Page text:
This week we continue our curators’ acquisitions stories with curator of newspapers Vince Golden. His story combines elements of both of the previous posts (I and II), making for quite an interesting turn of events!
There are various phrases in the English language that mean act immediately. Strike while the iron is hot. He who hesitates is lost. We are encouraged to jump at an opportunity. Shakespeare wrote, “Nay, but make haste, the better foot before.” On the other hand, we are told to look before we leap. Slow and steady wins the race. Haste makes waste. Benjamin Franklin wrote, “Make haste slowly.”
As curators, one of our main duties is to acquire materials for the collection. Some situations require haste. A new dealer’s catalog arrives and we have to quickly scan it for potential items and get our order in before someone else snaps it up. An auction catalog often has a short deadline from the time it arrives. Someone stops by with an issue in hand wondering if we would be interested.
On the flip-side, patience is a virtue. It may take months or years developing a relationship with collectors before they decide to donate their collections to the American Antiquarian Society. We might have to wait a few months while the board of directors of a historical society debates the pluses and minuses of transferring their newspapers to AAS.
In 2002, I received a phone call from a gentleman who had several volumes of Greenfield, Mass. newspapers. His father had rescued them decades before when someone was cleaning out a house and left them by the sidewalk to be thrown away. The gentleman wanted to sell the volumes. Over a series of phone calls, I got a better idea of the scope and condition of the collection. They went back to the 1790s and appeared to fill in large gaps in our collection. I thought progress was being made when for some unknown reason communication was cut off. There were no responses to phone calls or letters. I saved my notes and put the incident in the back of my mind.
Seven years later the gentleman called again, this time from a new number and location. He wanted to know if we were still interested in the volumes. Of course we were. What was different now was that he offered to donate them. The following month I was traveling near where he lived, and I offered to drive to his house and pick up the volumes, which he agreed to. When I went, I found myself in western New York on a small two-lane road with no cell phone signal. We met at a crossroad and I followed him back to his house. We ended up on a dirt road driving through trees for over half a mile to a not quite completed log-cabin house. Inside, sitting on a table, were sixteen volumes of old newspapers. We sat down and he told me what happened.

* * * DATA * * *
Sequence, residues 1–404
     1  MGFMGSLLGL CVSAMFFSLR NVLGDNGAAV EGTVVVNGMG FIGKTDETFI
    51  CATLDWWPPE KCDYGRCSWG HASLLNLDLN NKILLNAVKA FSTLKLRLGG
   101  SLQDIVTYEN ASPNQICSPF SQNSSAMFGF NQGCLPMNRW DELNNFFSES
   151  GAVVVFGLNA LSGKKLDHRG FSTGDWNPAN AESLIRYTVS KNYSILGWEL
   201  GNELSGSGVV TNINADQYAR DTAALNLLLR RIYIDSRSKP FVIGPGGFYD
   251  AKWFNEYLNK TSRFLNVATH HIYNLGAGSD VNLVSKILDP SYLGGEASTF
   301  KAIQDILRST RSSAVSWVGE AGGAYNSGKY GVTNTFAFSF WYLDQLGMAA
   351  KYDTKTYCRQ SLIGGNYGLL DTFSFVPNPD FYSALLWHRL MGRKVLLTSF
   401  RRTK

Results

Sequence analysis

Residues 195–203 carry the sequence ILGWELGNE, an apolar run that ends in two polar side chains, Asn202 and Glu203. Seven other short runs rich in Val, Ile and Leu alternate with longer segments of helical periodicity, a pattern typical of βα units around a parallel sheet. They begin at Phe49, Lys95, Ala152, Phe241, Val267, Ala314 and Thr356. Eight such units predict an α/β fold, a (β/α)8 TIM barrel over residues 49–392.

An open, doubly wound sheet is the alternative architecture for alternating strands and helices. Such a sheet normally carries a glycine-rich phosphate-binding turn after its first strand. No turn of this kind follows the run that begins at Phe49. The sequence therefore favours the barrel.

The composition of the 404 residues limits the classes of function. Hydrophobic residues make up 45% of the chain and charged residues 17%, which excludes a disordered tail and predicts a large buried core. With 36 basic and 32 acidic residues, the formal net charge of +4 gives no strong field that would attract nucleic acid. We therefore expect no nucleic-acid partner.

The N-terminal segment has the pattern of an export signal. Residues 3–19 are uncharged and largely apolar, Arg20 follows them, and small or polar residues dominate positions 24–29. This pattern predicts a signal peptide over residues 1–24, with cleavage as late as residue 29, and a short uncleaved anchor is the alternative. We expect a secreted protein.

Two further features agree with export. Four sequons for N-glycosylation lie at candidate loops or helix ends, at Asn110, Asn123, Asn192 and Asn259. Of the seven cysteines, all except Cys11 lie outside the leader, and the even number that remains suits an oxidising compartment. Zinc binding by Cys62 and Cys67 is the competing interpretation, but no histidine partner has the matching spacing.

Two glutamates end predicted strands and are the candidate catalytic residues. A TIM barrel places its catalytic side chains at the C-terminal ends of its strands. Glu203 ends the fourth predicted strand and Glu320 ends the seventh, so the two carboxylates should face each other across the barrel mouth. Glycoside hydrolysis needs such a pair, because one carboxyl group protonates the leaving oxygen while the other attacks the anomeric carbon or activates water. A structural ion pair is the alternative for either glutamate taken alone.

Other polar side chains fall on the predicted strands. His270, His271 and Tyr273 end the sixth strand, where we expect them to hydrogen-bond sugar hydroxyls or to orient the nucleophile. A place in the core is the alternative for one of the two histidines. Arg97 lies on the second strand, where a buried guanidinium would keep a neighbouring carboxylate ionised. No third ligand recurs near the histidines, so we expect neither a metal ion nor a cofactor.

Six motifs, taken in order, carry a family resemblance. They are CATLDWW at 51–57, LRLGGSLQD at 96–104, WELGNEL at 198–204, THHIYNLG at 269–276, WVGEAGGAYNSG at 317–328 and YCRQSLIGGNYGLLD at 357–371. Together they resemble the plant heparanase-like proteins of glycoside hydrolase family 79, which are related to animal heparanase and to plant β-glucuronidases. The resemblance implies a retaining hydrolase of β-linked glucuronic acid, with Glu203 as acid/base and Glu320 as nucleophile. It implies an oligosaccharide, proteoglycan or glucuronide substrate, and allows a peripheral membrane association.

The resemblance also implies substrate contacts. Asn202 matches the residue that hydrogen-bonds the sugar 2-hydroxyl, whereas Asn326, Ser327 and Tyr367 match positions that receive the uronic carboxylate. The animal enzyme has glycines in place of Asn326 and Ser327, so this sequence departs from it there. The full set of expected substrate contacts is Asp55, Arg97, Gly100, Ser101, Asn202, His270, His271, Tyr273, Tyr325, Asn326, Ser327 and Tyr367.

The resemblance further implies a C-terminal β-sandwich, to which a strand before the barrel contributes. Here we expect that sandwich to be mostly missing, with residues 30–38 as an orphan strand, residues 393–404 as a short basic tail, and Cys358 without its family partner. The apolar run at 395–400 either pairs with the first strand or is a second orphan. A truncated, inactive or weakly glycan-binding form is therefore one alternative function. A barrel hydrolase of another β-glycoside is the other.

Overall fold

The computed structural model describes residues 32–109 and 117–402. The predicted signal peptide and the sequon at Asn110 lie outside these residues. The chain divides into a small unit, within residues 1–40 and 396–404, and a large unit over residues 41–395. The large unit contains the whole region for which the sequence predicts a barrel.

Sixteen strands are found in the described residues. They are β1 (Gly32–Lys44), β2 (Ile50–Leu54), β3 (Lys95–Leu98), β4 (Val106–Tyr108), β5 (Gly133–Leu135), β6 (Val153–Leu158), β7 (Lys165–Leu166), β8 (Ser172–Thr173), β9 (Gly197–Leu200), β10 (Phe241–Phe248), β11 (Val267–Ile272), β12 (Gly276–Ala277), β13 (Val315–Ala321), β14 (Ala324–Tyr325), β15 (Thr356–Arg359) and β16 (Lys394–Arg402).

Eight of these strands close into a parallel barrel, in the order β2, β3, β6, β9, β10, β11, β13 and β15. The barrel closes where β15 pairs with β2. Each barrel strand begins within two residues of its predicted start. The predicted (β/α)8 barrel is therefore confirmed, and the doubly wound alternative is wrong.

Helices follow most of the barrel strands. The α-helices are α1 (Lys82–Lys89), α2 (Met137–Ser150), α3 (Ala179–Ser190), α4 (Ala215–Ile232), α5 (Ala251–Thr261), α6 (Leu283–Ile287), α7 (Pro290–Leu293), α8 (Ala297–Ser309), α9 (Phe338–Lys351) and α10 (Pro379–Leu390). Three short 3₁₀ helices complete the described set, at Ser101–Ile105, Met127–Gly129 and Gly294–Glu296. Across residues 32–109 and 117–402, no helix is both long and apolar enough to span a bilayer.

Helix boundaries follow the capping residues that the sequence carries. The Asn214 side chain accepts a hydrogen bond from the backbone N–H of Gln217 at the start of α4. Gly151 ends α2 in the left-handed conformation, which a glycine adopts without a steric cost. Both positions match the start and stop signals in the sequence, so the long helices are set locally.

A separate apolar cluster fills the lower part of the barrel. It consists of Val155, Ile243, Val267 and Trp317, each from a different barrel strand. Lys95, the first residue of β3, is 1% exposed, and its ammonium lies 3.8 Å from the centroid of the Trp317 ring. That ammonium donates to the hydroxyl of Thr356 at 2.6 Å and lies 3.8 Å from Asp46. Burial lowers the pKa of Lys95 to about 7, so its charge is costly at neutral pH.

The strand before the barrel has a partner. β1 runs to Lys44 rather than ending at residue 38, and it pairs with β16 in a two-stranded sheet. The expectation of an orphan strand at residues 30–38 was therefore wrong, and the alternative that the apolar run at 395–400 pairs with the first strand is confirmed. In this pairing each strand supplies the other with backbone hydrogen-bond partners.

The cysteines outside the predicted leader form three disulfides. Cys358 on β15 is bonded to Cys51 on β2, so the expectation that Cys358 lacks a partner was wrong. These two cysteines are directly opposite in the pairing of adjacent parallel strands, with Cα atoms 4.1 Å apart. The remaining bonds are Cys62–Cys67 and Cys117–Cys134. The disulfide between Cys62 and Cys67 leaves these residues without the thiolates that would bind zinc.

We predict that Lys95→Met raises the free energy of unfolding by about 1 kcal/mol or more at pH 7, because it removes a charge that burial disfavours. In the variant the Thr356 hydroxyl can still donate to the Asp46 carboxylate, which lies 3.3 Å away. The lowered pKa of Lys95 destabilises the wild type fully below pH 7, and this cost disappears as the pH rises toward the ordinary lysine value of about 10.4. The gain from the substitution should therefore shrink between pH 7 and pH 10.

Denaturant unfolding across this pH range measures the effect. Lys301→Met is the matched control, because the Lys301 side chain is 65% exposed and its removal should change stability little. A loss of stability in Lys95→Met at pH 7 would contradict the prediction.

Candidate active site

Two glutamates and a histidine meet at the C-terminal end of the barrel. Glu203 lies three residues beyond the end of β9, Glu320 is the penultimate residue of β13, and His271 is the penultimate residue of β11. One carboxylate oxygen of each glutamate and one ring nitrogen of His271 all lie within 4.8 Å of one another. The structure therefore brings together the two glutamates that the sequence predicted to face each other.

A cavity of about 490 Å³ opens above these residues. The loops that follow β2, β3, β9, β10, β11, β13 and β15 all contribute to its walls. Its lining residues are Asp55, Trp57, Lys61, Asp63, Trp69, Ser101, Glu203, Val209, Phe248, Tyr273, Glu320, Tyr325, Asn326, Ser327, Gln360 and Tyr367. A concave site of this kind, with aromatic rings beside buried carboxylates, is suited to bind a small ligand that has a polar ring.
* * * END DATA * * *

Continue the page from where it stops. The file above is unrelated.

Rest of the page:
When he first contacted me things were not going that well for him and he was looking to sell the volumes to raise a little cash. The reason he stopped contacting me was he fell ill and was in the hospital for a long time. After recovering from his illness, things improved for him. Once his health and fortune recovered he decided he could afford to donate the newspapers to us.
So, I finally ended up with the newspapers in the trunk of my car in the middle of nowhere, western New York. When I got back and was able to carefully take a look at the volumes I discovered something special about them. The volumes had bookplates reading “J. Denio’s property, Greenfield, (Mass.).” John Denio was originally a Vermont printer who moved to Greenfield in 1802. At different times he was part owner of the earlier Greenfield Gazette and the Franklin Herald. He also helped establish the later Greenfield Gazette in competition with the Franklin Herald. This was a publisher’s file of his own newspapers. They must have been saved by the family over many years only to be subsequently thrown out and rescued by someone that found them interesting. And after several more years, they finally ended up in our collection. Over 600 issues were added to the collection. The newspapers (all from Greenfield, Mass.) included:
- Impartial Intelligencer for 1792
- Greenfield Gazette for 1792-1811
- The Traveller for 1811
- Franklin Herald for 1812-1822
- Franklin Herald, and Public Advertiser for 1822-1823
- Greenfield Gazette for 1823-1826
- Greenfield Gazette and Franklin County Advertiser for 1826-1827
Seven years is a long time to wait, but the wait was worth it.